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The Final Meet

7/23/2014

Tattoo of a shark on a swimmers back. (Small)By Mike Gustafson//Correspondent

It was our final meet together. We, the YMCA kids who grew up slogging miles in the same six-lane pool, summer after summer, winter after winter, year after year. Our final YMCA National Championships before heading off to college. We had a group of 10 or so seniors, and many of us swam together since we were kids. We wanted this final meet to be special.

 

“If we win a relay,” a few of us said at the beginning of that final summer season, “we’re getting tattoos.”

We had always wanted to win a relay. It had been our goal since before we were in high school, since we had joined the team and ogled at the banners hanging on the rafters above that said, “1995 YMCA Long Course National Champions.” A few of us had trained together for years, though we went to different high schools. The summer season was like a homecoming, the time of year when we geographic outliers converged and trained for one united purpose: To win a YMCA National title in a relay. 

At those final YMCA Championships, it all happened so fast – the way many huge, mega-events in our teenage-hood years happen too fast, like prom, or the final week of senior year. After prelims, we were seeded in the middle of the pool for finals. We had a shot to win. We did our tradition of cheers and pump-up speeches. We knew this was our chance, our last chance as seniors to win it all. Then the race began, and we raced as hard as we could. It came down to the finish. We were behind, and our anchor leg was trying to catch us up. Five more meters, he would have won it. We finished second. 


The defeat was sound, but still, I couldn’t help but think, “Did I hit my relay exchange? Should I have skipped that morning practice two months ago? Could I have done anything better?” After any big race where you lose, you think you have another shot at it -- like there will be next year, another chance to come together and accomplish your goal. Then you realize that was it. You warm-down, you dry off, and you move on. 


When the final night of those YMCA championships ended, and when we high school seniors said goodbye to each other (including to the relay team who beat us) and wished each other well as we embarked for college and new chapters in our lives, I realized that there would be no tattoo ceremony. There was only the goodbye ceremony. For many swimmers, the competitive swim journey ended then and there, at that final YMCA meet, on that final night. The YMCA National Championships is a swansong for many high school seniors who don’t swim in college. It’s a desirable atmosphere for doing so, being a less intense meet than Nationals or Junior Nationals, with themed parades and after-parties and athlete speeches and senior recognition ceremonies. We gave high-fives to many cohorts and competitors we had competed against throughout the greater majority of our lives from teams in Ohio and Pennsylvania and New York – seniors we’d likely never see again, whom we had shared one intimate moment of competitive swimming for one brief week in our lives.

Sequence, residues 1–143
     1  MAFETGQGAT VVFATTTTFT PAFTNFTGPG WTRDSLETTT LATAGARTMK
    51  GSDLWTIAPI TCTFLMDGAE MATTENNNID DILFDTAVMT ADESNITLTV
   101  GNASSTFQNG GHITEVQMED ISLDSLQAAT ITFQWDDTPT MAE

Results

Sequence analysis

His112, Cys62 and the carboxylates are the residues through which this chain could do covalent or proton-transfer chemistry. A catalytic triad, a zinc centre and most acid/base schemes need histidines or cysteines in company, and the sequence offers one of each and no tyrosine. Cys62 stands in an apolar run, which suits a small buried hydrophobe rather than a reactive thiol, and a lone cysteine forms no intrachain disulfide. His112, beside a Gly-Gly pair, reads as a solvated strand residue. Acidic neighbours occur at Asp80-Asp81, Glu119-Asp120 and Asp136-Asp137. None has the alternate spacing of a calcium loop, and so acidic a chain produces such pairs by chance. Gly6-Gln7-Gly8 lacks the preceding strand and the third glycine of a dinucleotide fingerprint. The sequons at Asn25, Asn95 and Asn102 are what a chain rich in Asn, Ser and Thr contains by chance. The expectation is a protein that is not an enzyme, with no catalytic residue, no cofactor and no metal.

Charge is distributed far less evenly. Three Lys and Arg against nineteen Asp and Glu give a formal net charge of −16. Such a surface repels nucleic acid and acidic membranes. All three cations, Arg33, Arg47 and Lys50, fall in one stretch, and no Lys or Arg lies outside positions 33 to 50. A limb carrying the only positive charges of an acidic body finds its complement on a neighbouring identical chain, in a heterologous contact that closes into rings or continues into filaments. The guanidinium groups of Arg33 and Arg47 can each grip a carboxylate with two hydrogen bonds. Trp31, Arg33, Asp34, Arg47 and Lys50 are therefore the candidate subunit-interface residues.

Upon reflection, I suppose the desire to get a tattoo was to make this all permanent, somehow. Like how many teens get tattoos – they want to make it all permanent, even though permanency is the one thing you gradually learn never lasts. As a 30-something, I am still tattoo-less. A few weeks ago, I was at a birthday party with a number of people who had tattoos on arms, chests, backs, and legs.  “Do you have a tattoo?” someone asked me. 

“No,” I said. “But I almost got one, this one time. I had a pact where if I won a relay at this swim meet, we would get one. But we got second.”

“Well,” this person countered, “you could still get one now.”

But somehow, I can’t. To get a tattoo now, of anything – of water, of a symbol or a picture or something hand-drawn or a logo of my bookstore – it would feel disingenuous, fraudulent, a violation of that original pact made years earlier. At those YMCA Championships, I wanted something permanent to remember the experience, to remember those years when we had tried so hard, a reward for accomplishing our goal. 

There’s a spot on my arm where I would have had it. It’s blank now, just flesh-colored skin. It will stay blank. That’s my permanent reminder: We did not win that relay, and we did not get those tattoos on our arms, and that’s the beauty of this thing called sports. 

In a week, a few hundred high school seniors will say goodbye to swimming at the YMCA National Championships, and a few thousand high school seniors in different meets across the country will say goodbye to swimming throughout this summer. To them: Enjoy it. Like any race, it happens fast. 

Though these memories may not seem permanent now, they will be tattooed in your mind for years, and they will last much longer than ink.